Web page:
Wab Kinew accuses premier of lying over PST
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Hey there, time traveller!
This article was published 12/04/2019 (1450 days ago), so information in it may no longer be current.
Brian Pallister was accused Friday of being dishonest by suggesting the Opposition could hold up implementation of the government’s planned PST cut on July 1.
NDP Leader Wab Kinew, reacting to an interview the premier gave to a radio station, said Pallister is trying to “manufacture a reason to call an early election.”
Asked on a CBC morning show if he would call an election before July 1, once the flood threat is over, Pallister said: “I don’t think so. But again, I don’t know everything that is going to happen with the NDP. If they try to delay the PST reduction, or not support the (budget implementation) bill, that’s a serious concern.”
Kinew called the premier’s radio remarks “a lie.”
“The premier is somehow suggesting that the timing of an election is up to me. I would just like to clarify that if it’s up to me, we will respect the fixed election-date law,” he said. That would mean the election would be held on Oct. 6, 2020.
“The premier is somehow suggesting that the timing of an election is up to me. I would just like to clarify that if it’s up to me, we will respect the fixed election-date law.”–Wab Kinew
Pallister has said the government could implement the tax cut, as planned, even if the Opposition used house rules to put off a vote on The Budget Implementation and Tax Statutes Amendment Act (BITSA) until fall.
Past provincial governments have instituted tax changes announced in their budgets before the passage of BITSA on the assumption they had the votes in the legislature to implement them. Precedents include the immediate imposition of higher fuel and tobacco taxes.
The government has already spent tax dollars on billboard ads touting the tax cut, Kinew noted.
“Just a few weeks ago, (Pallister) spent $200,000 of your money to put up billboards all over the place saying this PST cut is happening on July 1,” Kinew said. “There’s no asterisk on those billboards. There’s no ‘out’ clause on those billboards.”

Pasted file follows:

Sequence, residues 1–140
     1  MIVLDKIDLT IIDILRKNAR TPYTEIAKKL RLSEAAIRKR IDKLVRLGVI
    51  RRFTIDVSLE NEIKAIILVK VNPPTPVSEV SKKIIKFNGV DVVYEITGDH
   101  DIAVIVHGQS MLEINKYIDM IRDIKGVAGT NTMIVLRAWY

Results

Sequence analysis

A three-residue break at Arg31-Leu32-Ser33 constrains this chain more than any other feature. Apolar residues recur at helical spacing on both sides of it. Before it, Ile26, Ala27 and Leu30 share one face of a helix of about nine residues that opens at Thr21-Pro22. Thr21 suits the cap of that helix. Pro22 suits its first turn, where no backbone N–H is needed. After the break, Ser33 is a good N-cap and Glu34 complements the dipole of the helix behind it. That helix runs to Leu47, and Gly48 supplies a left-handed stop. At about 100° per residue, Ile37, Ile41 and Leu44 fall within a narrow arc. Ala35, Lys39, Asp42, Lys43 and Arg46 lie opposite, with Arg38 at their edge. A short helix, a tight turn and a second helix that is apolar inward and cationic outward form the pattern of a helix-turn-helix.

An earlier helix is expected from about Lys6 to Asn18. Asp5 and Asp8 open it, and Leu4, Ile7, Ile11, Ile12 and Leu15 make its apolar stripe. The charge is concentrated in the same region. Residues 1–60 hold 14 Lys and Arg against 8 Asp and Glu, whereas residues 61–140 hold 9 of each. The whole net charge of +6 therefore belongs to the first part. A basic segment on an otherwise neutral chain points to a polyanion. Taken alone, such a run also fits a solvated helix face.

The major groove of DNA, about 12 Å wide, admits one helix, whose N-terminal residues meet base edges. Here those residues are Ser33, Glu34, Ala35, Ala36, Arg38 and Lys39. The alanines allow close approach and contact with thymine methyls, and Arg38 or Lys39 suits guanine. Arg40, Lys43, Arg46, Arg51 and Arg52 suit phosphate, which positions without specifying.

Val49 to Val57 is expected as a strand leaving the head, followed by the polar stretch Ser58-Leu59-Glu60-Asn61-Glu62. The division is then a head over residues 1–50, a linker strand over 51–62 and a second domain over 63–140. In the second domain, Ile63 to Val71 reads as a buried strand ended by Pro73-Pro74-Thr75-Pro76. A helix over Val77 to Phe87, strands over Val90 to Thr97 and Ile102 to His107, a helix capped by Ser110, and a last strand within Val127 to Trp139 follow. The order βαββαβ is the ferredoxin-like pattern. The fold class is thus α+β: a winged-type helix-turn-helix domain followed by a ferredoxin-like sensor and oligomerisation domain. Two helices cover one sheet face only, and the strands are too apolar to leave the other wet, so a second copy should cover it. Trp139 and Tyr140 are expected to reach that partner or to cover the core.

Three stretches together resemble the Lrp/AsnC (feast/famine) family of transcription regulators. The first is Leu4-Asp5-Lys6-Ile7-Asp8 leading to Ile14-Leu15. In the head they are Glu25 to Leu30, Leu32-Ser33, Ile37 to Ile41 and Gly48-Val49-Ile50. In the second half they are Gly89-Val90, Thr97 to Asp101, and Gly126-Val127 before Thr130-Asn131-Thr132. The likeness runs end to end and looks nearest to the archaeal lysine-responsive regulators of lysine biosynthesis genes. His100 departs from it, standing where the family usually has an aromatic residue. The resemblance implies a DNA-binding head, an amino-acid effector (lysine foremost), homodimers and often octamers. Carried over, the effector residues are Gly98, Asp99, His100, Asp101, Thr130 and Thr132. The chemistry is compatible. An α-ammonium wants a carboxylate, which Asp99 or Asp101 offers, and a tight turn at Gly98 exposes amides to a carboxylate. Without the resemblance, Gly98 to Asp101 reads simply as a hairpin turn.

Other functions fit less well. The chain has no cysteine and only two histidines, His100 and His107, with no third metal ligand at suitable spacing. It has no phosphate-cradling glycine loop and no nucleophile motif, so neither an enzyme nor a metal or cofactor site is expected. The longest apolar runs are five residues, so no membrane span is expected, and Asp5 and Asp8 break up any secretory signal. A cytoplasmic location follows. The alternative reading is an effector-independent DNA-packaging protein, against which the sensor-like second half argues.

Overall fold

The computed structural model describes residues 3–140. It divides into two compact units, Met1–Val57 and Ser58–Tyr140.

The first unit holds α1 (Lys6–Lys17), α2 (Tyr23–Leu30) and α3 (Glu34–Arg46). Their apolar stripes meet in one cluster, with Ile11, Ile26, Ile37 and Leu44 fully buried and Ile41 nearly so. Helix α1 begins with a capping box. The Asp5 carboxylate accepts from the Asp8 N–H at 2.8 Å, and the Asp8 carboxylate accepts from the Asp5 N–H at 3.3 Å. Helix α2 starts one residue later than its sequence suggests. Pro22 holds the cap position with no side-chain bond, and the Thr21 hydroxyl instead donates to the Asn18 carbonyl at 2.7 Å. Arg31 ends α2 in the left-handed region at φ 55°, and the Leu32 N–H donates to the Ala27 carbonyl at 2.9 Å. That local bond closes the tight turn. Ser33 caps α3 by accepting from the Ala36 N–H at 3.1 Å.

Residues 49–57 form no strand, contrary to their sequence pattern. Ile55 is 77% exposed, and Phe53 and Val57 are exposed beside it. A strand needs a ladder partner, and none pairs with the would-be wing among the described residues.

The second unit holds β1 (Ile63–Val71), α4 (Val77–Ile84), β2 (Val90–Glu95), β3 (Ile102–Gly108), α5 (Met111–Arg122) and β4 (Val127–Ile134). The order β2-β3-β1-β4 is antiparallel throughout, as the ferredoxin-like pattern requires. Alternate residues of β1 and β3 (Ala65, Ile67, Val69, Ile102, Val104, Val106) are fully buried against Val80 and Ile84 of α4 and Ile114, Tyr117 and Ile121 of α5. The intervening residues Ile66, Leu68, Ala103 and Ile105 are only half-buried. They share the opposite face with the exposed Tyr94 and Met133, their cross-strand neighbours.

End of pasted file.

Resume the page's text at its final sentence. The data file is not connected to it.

Election financing change tied to BITSA
The NDP has until April 17 to decide whether to designate BITSA as one of four government bills it can hold over till the fall for a vote in the legislature. The NDP is able to designate four bills (BITSA counts as two) while the Liberals can designate one.
The NDP may be tempted to delay passage of BITSA until the fall — not because of the government’s PST promise, which it believes is out of its control, but because the omnibus bill also contains a clause that would abolish partial refunds of election expenses to political parties and candidates who gain at least 10 per cent of the vote.
If BITSA were passed in advance of a snap spring election, its controversial new election financing rules could be in effect. The governing Progressive Conservatives, flush with cash, are in better financial shape than either the NDP or the Liberals to contest an election without the taxpayer subsidy.
Meanwhile, Kinew released a letter that he wrote to Pallister this week in response to the premier’s call for ideas on bipartisan initiatives.
In the letter, Kinew said what is urgently needed is an all-party discussion on election financing.
“If there are going to be any changes to election laws in Manitoba, I don’t think that they should be made by one party or by a premier just because they are in power,” the NDP leader told reporters Friday.
“I think they should be forged by consensus, made by all parties working together” along with input from the public, he said.
Larry Kusch didn’t know what he wanted to do with his life until he attended a high school newspaper editor’s workshop in Regina in the summer of 1969 and listened to a university student speak glowingly about the journalism program at Carleton University in Ottawa.